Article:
Maintaining those set pieces and getting to seven home games, the preferred number for most power-conference schools, would not work. In addition to four ACC home games and either Stanford or USC, Notre Dame would have Navy in South Bend every other season. The Shamrock Series game would have to be replaced with a standing home game against an opponent that didn’t want a return game—and that just gets the Irish to seven at home every other season. It also would increase the difficulty of entering into splashy, home-and-home series like the one with Georgia.

Notre Dame’s reputation as the most national of universities would also be curtailed. Irish Exceptionalism would be harder to smugly embrace while just being one of 15 schools playing by the same rules.

Part of that national reputation is religious affiliation, part of it is academic prowess, but it is also part of the athletic reach—the Irish recruit everywhere. The 2019 team had players from 26 states, the District of Columbia and a Canadian province.

Full affiliation with the Atlantic seaboard, while useful, would be limiting. Keeping an annual game in California helps on the opposite coast, but opportunities to play in Texas and other hot spots would be fewer and farther between.

From a geographic standpoint, the eternally obvious conference for Notre Dame has been the Big Ten. That’s truly the league that the greatest football bachelor has led on the longest and most painfully. But beyond the map, there are other reasons why the ACC is better for the Irish.

School profile is the largest one. Notre Dame is smaller, private and academically prestigious. The only school checking all those boxes in the Big Ten is Northwestern. The ACC has five private schools (Duke, Wake Forest, Boston College, Syracuse, Miami) and six schools ranked in the latest U.S. News & World Report top 40 national universities (Duke, Wake Forest, Virginia, North Carolina, Georgia Tech and Boston College). The Big Ten has two (Northwestern and Michigan).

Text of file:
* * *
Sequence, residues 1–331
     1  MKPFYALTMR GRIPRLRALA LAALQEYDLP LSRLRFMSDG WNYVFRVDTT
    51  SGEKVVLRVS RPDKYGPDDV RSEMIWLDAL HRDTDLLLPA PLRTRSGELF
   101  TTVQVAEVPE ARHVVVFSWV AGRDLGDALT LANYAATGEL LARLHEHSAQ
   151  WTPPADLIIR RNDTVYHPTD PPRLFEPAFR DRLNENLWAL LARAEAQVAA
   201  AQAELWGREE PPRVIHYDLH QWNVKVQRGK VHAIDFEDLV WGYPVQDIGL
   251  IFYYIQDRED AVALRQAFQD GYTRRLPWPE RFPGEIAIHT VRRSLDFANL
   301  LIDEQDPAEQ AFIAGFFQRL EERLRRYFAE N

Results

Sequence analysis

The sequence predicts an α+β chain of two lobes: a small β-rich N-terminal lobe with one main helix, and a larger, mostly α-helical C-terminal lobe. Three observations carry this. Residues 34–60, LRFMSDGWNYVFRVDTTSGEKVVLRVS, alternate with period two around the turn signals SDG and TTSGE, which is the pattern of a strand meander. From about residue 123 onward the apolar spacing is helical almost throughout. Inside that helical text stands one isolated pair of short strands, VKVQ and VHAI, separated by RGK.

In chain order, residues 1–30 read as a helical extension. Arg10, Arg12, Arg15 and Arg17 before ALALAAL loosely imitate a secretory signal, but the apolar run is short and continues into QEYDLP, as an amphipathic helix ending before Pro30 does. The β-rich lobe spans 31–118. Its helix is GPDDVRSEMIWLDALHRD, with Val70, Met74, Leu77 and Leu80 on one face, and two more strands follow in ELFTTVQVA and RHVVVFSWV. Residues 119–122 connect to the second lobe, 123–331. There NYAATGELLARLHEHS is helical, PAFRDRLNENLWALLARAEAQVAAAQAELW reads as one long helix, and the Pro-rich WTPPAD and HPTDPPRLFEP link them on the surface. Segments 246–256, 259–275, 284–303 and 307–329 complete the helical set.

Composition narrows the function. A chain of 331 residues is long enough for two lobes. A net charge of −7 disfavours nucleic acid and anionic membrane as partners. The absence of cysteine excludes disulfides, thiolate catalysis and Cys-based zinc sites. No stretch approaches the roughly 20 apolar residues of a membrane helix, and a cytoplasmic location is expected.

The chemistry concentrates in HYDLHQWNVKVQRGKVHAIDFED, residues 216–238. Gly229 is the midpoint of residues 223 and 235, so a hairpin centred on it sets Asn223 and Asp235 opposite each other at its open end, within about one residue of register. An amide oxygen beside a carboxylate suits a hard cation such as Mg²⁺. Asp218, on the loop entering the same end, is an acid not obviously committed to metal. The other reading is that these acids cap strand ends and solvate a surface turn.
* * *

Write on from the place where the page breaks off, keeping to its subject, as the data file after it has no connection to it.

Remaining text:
And from a football standpoint, it simply would be easier to win the ACC than the Big Ten. In 2020 in the ACC, Notre Dame’s challenge is to be better than Clemson. That’s a tall challenge, but it’s one program. In the Big Ten, the challenge this year would be Ohio State and Penn State from the East Division, not to mention a Michigan program that pounded Notre Dame last season. There might be a top-10 team from the West as well (Wisconsin or Minnesota being the most likely options).

But the easiest of all paths to the playoff probably remains independence. A 12–0 record that plays a cross-section of brand names and avoids the true dregs of FBS and FCS is almost assuredly going to get the Irish into a four-team playoff. It would absolutely get them in a larger playoff. At 11–1, maybe not—but given the weakened state of the ACC in recent years, going 12–1 in that league might not seal the deal, either. (If Clemson had lost a game last season, it wouldn’t have made the field.)

Ultimately, this is a marriage of convenience. Notre Dame gets a full schedule and the novelty of playing for a league championship. The ACC gets some of the Irish television money, increased wattage on 10 of its games and the enticing possibility of America’s Team in the league title game. (At which point in time, Clemson—or whoever would be Notre Dame’s opponent—would never be more popular within the league.)

It’s a relationship built for now, not built to last. The Irish will keep the escape hatch open and use it. The ACC will continue to leave the light on for them, just in case.